Miguel Alcubierre

Print publication date: 2008

Print ISBN-13: 9780199205677

Published to Oxford Scholarship Online: September 2008

DOI: 10.1093/acprof:oso/9780199205677.001.0001

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(p.410) APPENDIX C BSSNOK WITH NATURAL CONFORMAL RESCALING

Source:
Introduction to 3+1 Numerical Relativity
Publisher:
Oxford University Press

The BSSNOK formulation of the 3+1 evolution equations described in Section 2.8 is based on a conformal rescaling of the metric and extrinsic curvature. However, in its standard version this formulation uses a rescaling of the extrinsic curvature that is in fact not the most natural rescaling for this quantity. Here I will present a version of the BSSNOK equations that uses the natural rescaling for a tracefree symmetric tensor.

We start by summarizing the standard BSSNOK equations. We perfom a conformal transformation of the spatial metric and extrinsic curvature of the form

(C.1)
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(C.2)
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where the conformal factor is taken to be $ϕ = 1 12 ln ⁡ γ$ , so that the conformal metric $γ ˜ i j$ has unit determinant. In the previous expression K is the trace of K ij, which implies that the tensor Ã ij is traceless. We also introduces the auxiliary variables

(C.3)
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where the second equality follows from the fact that $γ ˜ i j$ has unit determinant.

The full system of evolution equations then becomes

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(C.5)
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(C.6)
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(C.7)
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(C.8)
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(p.411) where TF denotes the tracefree part of the expression inside the brackets, and where we have used the Hamiltonian constraint to eliminate the Ricci scalar from the evolution equation for K, and the momentum constraints to eliminate the divergence of Ã ij from the evolution equation for $Γ ˜ i$. In the previous expressions we have $d / d t : = ∂ t − Δ £ →$, with $Δ £ →$ the Lie derivative with respect to the shift that must be calculated for tensor densities: ψ, a scalar density of weight 1/6, and $γ ˜ i j$ and Ã ij, tensor densities with weight −2/3. Also, even though the $Γ ˜ i$ is strictly speaking not a vector, its Lie derivative is understood as that corresponding to a vector density of weight 2/3. Finally, the Ricci tensor is separated into two contributions in the following way:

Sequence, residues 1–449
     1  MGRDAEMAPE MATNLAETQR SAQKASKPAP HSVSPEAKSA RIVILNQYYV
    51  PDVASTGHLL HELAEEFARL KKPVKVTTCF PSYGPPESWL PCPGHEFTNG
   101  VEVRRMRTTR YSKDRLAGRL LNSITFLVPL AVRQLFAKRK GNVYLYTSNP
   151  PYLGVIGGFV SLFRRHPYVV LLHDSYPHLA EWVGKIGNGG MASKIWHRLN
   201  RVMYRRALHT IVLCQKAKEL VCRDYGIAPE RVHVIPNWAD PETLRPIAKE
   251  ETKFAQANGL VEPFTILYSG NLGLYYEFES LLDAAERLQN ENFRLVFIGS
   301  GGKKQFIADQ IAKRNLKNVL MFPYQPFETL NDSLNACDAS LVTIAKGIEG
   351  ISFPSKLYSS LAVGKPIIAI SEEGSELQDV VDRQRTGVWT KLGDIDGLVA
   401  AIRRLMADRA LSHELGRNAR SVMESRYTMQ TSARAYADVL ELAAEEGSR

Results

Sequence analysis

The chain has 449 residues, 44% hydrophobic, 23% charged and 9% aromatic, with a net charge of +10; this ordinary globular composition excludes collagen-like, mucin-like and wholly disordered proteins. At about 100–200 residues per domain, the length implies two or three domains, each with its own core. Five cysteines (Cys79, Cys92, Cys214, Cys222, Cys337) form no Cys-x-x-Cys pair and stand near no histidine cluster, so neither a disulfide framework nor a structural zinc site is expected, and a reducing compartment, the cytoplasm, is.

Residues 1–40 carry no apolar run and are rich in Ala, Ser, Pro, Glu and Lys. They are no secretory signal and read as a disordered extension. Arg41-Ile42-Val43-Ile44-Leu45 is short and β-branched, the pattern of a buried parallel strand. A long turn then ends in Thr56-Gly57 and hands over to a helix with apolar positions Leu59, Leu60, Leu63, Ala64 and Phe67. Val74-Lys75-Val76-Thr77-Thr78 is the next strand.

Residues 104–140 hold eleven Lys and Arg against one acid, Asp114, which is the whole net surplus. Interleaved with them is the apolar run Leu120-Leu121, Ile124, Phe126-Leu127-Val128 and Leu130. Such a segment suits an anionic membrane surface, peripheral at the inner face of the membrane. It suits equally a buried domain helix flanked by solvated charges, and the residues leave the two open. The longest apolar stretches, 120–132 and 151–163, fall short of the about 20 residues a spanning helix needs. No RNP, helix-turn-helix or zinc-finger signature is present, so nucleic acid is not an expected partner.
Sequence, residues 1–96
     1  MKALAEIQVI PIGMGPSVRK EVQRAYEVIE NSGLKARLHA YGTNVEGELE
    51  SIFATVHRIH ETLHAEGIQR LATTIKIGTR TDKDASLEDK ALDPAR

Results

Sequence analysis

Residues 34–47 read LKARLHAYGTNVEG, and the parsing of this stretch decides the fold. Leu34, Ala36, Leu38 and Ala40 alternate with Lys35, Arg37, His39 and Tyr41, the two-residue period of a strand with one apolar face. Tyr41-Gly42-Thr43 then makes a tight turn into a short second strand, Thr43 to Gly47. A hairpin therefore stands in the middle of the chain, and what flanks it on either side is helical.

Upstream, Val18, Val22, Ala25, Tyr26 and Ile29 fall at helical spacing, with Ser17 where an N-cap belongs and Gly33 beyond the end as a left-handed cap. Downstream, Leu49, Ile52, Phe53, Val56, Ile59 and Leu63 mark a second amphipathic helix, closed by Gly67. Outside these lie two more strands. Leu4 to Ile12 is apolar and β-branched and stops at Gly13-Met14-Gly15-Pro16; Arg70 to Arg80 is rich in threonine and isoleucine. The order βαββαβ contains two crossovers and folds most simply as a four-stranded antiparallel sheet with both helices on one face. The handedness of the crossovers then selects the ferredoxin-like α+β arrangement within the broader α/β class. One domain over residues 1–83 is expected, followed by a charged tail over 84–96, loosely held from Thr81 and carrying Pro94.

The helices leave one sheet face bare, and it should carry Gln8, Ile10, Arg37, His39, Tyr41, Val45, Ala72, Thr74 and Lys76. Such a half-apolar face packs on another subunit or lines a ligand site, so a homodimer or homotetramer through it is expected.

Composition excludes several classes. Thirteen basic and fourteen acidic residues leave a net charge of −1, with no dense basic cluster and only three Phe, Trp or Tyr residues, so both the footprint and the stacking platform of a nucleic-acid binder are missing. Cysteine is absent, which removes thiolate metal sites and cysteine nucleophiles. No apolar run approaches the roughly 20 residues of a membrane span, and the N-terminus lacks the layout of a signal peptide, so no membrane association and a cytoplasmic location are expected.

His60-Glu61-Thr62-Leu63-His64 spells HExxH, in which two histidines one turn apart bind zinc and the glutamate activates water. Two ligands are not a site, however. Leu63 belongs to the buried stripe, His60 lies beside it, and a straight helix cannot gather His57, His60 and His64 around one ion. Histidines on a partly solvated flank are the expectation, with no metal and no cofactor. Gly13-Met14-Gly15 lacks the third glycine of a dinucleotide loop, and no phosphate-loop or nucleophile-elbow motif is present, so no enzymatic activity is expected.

(C.9)
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where $R ˜ i j$ is the Ricci tensor associated with the conformal metric $γ ˜ i j$ :

(C.10)
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and where $R i j ϕ$ is given by φ:

(C.11)
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with $D ˜ i$ the covariant derivative associated with the conformal metric.

The Hamiltonian and momentum constraints also take the form

(C.12)
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(C.13)
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Now, in Chapter 3 it was shown that the natural conformal transformation for the tracefree extrinsic curvature is in fact Āij10 A ij (Ā ij2 A ij), with φ=ln ψ. We will then consider the following conformal transformation

(C.14)
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(C.15)
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We will furthermore introduce the densitized lapse

(C.16)
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With this new conformal scaling, the evolution equations become instead (do notice that in some places there is $α ¯$ and in others just α) (p.412)

(C.17)
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(C.18)
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(C.19)
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(C.20)
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(C.21)
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and the constraints become

(C.22)
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(C.23)
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Notice that with this new rescaling, a term involving derivatives of the conformal factor φ has disappeared from both the evolution equation for $Γ ¯ i$ and the momentum constraints.